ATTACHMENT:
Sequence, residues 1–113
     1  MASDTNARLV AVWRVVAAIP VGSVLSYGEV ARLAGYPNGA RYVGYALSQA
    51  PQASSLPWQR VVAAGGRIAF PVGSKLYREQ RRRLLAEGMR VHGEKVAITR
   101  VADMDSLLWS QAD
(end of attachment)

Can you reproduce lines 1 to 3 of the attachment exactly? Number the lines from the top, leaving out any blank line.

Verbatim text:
Sequence, residues 1–113
     1  MASDTNARLV AVWRVVAAIP VGSVLSYGEV ARLAGYPNGA RYVGYALSQA
    51  PQASSLPWQR VVAAGGRIAF PVGSKLYREQ RRRLLAEGMR VHGEKVAITR